Unfortunately, rocks and debris in space are also travelling at similar speeds. Usually this stuff is about the size of a grain of sand, but is moving so quickly it can leave a streak of light across the sky as it burns up in the upper atmosphere, something we all know from watching pretty meteor showers. In order to reach the Earth, it would need to be about the size of a marble. And like the 20m wide meteor that caused chaos in Russia in 2013 (thankfully exploding in the air rather than a ground strike), they aren't always visible until far far too late.
So on one side we have science showing us that the Universe is a fascinating place, but cold and hard and scary at the same time. And on the other side? A lot of comforting blather about how "God loves us" (despite dumping us into a world where somebody like Trump is able to become President).
Enter Flat Earth. Because Daniel 4:11 says "The tree grew, and was strong, and the height thereof reached unto heaven, and the sight thereof to the end of all the earth" (in context, this is recounting a dream; and the first Google suggestion when looking for that verse is "Daniel 4:11 flat earth"!). Likewise Matthew 4:8 says "Again, the devil taketh him up into an exceeding high mountain, and sheweth him all the kingdoms of the world, and the glory of them"; plus there are a bunch of other things that stretch credulity even further. Other phrases such as "the four corners of the Earth" and "to the ends of the Earth" crop up too. All of them supposedly indicating that the planet is, in fact, a big flat object.
It is fairly easy to tear down such inane logic. For instance does the four corners of the earth refer to the actual planet, or to a land mass? A country can have corners, a sphere clearly does not. Or if there was a great mountain or tree, then where is it? If the devil can show a person all of the kingdoms of earth from the top of a mountain, then certainly all the kingdoms of earth ought to be able to see this mountain.
And then we can enter science. The ancient Greeks knew the earth was spherical - a man named Eratosthenes not only worked out the Earth's circumference, but also its axial tilt. As our abilities grew and we came to be capable of looking up once again (there is a reason many many stars have Arabic names), we can see with ever greater clarity that......... the planets are round...the stars are round...the satellites are round...our own Moon being a pretty obvious example. There's a lot of weird in the nearby Solar System (anybody up for explaining Saturn's rings? or the theory that Jupiter is really a failed star? or that one where Pluto is a planet?) but one thing that they all have is a certain unmistakable three-dimensional roundness. Something that is easily evident to anybody who has travelled in a plane. Or, from the comfort of your own bedroom, just fire up a webcam app and watch the sun rise in Los Angeles as it sets in Kyoto. Because the idea of the planet being flat defies anything that even resembles common sense. In fact, I would go so far as to say that a person who actually believes the Earth is flat is functionally stupid.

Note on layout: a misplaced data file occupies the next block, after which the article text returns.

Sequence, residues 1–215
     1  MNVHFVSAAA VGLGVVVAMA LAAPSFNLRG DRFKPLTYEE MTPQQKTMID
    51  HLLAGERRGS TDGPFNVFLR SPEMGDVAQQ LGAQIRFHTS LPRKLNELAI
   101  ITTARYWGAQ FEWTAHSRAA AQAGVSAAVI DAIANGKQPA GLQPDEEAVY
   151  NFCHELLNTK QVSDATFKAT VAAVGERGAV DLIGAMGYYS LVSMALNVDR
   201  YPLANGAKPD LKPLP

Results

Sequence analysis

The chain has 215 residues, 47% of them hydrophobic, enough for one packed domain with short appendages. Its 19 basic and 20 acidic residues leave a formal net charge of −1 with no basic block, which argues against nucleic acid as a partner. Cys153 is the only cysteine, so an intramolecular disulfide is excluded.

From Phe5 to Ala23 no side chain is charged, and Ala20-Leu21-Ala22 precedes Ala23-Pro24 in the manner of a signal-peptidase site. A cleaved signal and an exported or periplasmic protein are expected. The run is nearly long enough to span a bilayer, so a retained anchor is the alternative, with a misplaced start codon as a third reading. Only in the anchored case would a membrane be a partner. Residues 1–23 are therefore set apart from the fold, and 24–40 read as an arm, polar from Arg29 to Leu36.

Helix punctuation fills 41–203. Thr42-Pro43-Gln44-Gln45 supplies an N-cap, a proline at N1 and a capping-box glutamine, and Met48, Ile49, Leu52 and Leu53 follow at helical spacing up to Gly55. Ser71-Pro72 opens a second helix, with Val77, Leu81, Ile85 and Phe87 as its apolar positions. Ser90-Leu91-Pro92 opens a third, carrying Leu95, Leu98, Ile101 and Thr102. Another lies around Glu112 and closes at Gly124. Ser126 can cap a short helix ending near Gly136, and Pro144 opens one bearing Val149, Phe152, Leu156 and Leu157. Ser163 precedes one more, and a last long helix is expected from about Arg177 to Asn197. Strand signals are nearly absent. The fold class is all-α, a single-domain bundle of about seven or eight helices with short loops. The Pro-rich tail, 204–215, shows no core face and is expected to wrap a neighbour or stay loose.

My favourite is a YouTube video demonstrating reality vs CGI. It begins with footage of some planes flying. Look how fast the ground moves when it's close to the camera, while the distant scenery barely moves at all. Okay, fair enough. You see the same sort of effect looking out of a car window. Then the view switches to a view of the planet recorded from the ISS. Oh my, look how fast it is all moving, all at the same speed. CLEARLY FAKE!!!
No, not clearly fake. Clearly you are an idiot if you believe that. Yes, the whole Earth is moving quickly because you have changed your perspective. Notice how the rest of the universe is barely moving? Oh, no, that would upset the argument. Well, okay, let's try this: Find a large beach ball. Find a camera, like a phone or something, set it up to look down upon the beach ball in the same sort of way as the ISS camera looked down over Earth. Rotate the ball. Watch the video that is recorded by the camera. So you have proof of one of two things. Either the spherical beach ball you are holding is actually flat... or the Earth as seen from space is, yeah, you guessed it, a big round thing.
But, hey, if it's an overzealous interpretation of cherry picked religious tracts that is convincing you that the Earth is flat, then please take some time to consider that if this were true, what would be living on the other side? Here's a hint - try the book of Revelations.
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Last read at 20:41 on 2019/02/16.